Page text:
Data Paper
Data Paper
Zygaenidae (Lepidoptera) of Thrace Region of Turkey
expand article infoFeza Can Cengiz, Konstantin A. Efetov§, Kamuran Kaya, Elena E. Kucherenko§, Zühal Okyar|, Gerhard M. Tarmann
‡ University of Mustafa Kemal, Hatay, Turkey
§ Crimean Federal University, Simferopol, Russia
| University of Trakya, Edirne, Turkey
¶ Tiroler Landesmuseen, Hall, Austria
Open Access


The Zygaenidae fauna of the Thrace Region (European Turkey) was studied by using attractant traps as well as by netting specimens in biotopes. Esters of 2-dodecenoic acid and stereoisomers of 2-butanol were used as sex attractants. Sixteen Zygaenidae species from five genera were found: Theresimima Strand, 1917 (1 species), Rhagades Wallengren, 1863 (2 species), Adscita Retzius, 1783 (3 species), Jordanita Verity, 1946 (4 species), and Zygaena Fabricius, 1775 (6 species). Rhagades (Rhagades) pruni (Denis & Schiffermüller, 1775) and Jordanita (Jordanita) globulariae (Hübner, 1793) were found as new for Turkey. The two species of the same genus Rh. (Rh.) pruni and Rh. (Wiegelia) amasina (Herrich-Schӓffer, 1851) were discovered in proximity to each other in different localities of the same Province Tekirdağ.


The Thrace Region is the European part of Turkey that covers 3% of the whole territory of the country. It comprises the provinces Edirne, Kırklareli and Tekirdağ and some parts of İstanbul and Çanakkale. Turkey, extending from Asia to Europe, is one of the most species-rich countries in the Western Palaearctic (Karaçetin and Welch 2011). A study on the biodiversity of the local lepidopteran fauna can be a useful tool for environment protection. Moths of the family Zygaenidae (Lepidoptera) are excellent indicators of environmental conditions (Efetov 2005). A decline in their number in populations is often a consequence of degradation of suitable habitats because of land-use, intensification of agriculture, and climate change (Hofmann and Tremewan 2017).

Based on recent revisions, the family Zygaenidae includes five subfamilies: Inouelinae Efetov & Tarmann, 2017; Procridinae Boisduval, 1828 (with tribes Artonini and Procridini); Chalcosiinae Hampson, 1892 (with tribes Chalcosiini, Cyclosiini, Agalopini, Aglaopini and Heteropanini); Callizygaeninae Alberti, 1954; and Zygaeninae Latreille, 1809 (with tribes Pryeriini and Zygaenini) (Efetov 1996, 1997a, 1997b, 1998, 1999, 2001b, 2001c, 2006, 2010; Efetov and Tarmann 2000, 2012, 2013a, 2013b, 2014a, 2014b, 2016a, 2016b, 2017; Efetov et al. 2004, 2006, 2011, 2014b, 2015a; Efetov and Hayashi 2008; Efetov and Savchuk 2013; Efetov and Knyazev 2014; Knyazev et al. 2015a, 2015b; Mutanen et al. 2016; Hofmann and Tremewan 2017). According to previous publications, the Zygaenidae fauna of Turkey is represented by two subfamilies: Procridinae (22 species) and Zygaeninae (31 species) (Mollet 1995; Efetov and Tarmann 1999; Naumann et al. 1999; Efetov 2001a, 2004, 2005; Kemal and Koçak 2010). Five species of Zygaenidae are so far known from the territory of Turkey only: Jordanita (Jordanita) chloronata (Staudinger, 1871), Zygaena (Mesembrynus) lydia Staudinger, 1887, Z. (Agrumenia) formosa (Herrich-Schӓffer, 1852), Z. (A.) peschmerga Eckweiler & Görgner, 1981, and Z. (Zygaena) problematica Naumann, 1966.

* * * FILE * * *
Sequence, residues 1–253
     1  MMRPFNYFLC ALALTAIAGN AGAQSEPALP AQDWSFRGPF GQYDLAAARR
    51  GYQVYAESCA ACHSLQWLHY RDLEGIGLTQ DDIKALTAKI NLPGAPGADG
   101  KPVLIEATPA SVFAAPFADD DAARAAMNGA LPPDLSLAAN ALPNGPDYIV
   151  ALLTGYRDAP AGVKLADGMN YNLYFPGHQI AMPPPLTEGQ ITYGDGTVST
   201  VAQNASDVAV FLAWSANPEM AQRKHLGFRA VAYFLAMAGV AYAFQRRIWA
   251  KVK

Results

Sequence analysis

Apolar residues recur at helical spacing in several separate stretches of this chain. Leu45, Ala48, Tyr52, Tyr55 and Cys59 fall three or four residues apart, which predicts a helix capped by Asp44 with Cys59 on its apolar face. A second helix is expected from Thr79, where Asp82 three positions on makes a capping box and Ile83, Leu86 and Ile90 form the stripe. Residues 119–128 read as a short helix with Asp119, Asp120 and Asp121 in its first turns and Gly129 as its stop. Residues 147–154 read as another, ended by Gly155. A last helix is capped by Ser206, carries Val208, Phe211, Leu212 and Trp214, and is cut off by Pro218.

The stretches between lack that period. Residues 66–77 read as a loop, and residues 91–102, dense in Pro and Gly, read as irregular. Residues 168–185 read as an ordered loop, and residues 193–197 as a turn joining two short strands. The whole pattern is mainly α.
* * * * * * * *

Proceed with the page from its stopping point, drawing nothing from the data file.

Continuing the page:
To date, the fauna of Zygaenidae of the Thrace Region has not been sufficiently studied. Some information can be found in the works of Mathew (1881), Rebel (1913), Buresch (1915), Graves (1914, 1925, 1926), de Lattin (1944, 1950), Reiss and Tremewan (1967), Baraniak et al. (1994), Seven (1991, 1993, 1995), Okyar and Aktaç (1997), Yurtsever et al. (2010), and de Freina (2012). However, these publications lack detailed information on the zygaenid moths of Thrace.

Materials and methods

The Zygaenidae fauna of the Thrace Region was studied by using attractant traps, by netting specimens in different biotopes in 2016, as well as by the investigation of material collected in previous years and deposited in the collection of Mustafa Kemal University (Antakya, Hatay, Turkey).